Protect DP Gachagua, Western clerics tell Ruto

Apostle Ken Barasa, the Kakamega County Chaplain flanked by other religious leaders addressing the press on May 28, 2024. [Nathan Ochunge, Standard]

A section of religious leaders from the Western region has called out on President William Ruto for allegedly allowing politicians from his Rift Valley stronghold to antagonize Deputy President Rigathi Gachagua.

The over 20 bishops and imams, led by apostle Ken Barasa, the Kakamega County Chaplain, expressed concerns over the current developments in government.

“We see elected leaders from Rift Valley trying to create animosity between the President and his deputy, raising political temperatures and putting the country in an electioneering mood,” said apostle Barasa.

"Ruto must rise to the occasion and call his MPs who are attacking Gachagua to order. The effects of the misunderstanding between Ruto and Gachagua are now reaching the grassroots, and if allowed to continue, it will derail Kenya Kwanza's development agenda," he added.

Apostle Barasa drew parallels to the past, stating, “Ruto knows well that his previous misunderstanding with former President Uhuru Kenyatta derailed the Big Four Agenda and fueled political animosity, pushing the country to the edge as communities aligned politically along tribal lines.”

The religious leaders emphasized the need for a united government. “We don’t want to see divisions in government but a united leadership. We pray that Ruto will seek guidance from wise men and seek a truce with his deputy,” said apostle Barasa.

He urged the President to replace hardliners with sober advisors who will work towards uniting the country rather than dividing it.

Ibrahim Sadala, the chief Imam for the Western region reminded the President to fulfill his pre-election pledges to the people.

“When you promise something, you must fulfill it by ensuring its full implementation,” said Mr Sadala adding, “We are being overtaxed, but we are not seeing the fruits of the taxes we pay.”

Sadala also demanded that the government lowers the high cost of living on grounds that many Kenyans are suffering and cannot afford to take their children to school and fend for their families.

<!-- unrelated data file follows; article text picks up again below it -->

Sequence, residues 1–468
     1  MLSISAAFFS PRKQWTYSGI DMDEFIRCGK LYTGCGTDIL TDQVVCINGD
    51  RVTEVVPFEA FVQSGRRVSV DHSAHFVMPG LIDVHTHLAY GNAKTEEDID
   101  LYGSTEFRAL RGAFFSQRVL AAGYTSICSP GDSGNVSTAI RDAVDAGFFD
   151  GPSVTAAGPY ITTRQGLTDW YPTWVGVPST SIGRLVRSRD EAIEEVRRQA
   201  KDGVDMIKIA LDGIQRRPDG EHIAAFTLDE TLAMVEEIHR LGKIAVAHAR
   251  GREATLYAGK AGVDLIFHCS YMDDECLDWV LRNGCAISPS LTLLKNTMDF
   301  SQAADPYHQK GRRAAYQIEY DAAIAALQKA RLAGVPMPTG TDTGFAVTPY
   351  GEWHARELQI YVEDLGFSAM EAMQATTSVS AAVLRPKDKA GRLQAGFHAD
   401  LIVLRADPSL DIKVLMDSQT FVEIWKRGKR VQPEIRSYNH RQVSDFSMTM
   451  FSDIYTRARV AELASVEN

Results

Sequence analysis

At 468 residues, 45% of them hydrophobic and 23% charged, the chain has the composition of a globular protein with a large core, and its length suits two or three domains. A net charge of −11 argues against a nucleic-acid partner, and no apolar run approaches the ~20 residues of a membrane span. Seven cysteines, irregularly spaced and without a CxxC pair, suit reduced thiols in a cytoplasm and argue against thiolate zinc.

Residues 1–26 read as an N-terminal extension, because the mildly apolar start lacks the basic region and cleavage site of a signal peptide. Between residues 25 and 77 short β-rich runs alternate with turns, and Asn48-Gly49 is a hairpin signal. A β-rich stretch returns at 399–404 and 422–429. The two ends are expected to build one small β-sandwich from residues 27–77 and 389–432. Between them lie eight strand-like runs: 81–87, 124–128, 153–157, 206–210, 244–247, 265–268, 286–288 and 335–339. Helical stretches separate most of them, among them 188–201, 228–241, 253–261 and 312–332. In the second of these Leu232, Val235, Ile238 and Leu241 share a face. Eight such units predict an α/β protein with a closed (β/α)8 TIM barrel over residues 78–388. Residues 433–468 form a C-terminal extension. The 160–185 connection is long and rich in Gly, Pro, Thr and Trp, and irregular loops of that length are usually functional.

Pastor Nathan Lanya of Christian Fellowship Church International criticized the allocation of funds in the Finance Bill 2024 proposals saying Ruto and Gachagua have allocated billions of shillings to their offices but scrapped a fundamental school feeding program.

Lanya said the Finance Bill imposes punitive taxes, with the money collected benefiting only a few individuals.

“Taxes are good, but let's be responsible in spending them. We want to see what the taxes are doing,” he said, demanding accountability.

Bishop Florence Wandera of Dominion Church Kakamega criticised the government for the lack of vaccines for children under five years saying millions of children are missing out on important vaccines due to stockouts.

His sentiments were echoed by Sheikh Idris Mohammed who cautioned the head of state against allowing the promotion of same-sex unions in the country after the US State visit.

"President Ruto should not be convinced by Western countries to promote LGBTQI in the country in exchange for donor funding,” he said.

He said although Western countries have embraced the vice, in Kenya it should not be allowed as clearly outlined in the Bible, Quran, and national traditions and values.

Bishop Julius Abungana on the other hand called for sobriety among political leaders as they head to the National Assembly to tackle the Finance Bill 2024.

"Don't vote to please the presidency but the suffering Kenyans who are overtaxed and often under-represented," he said.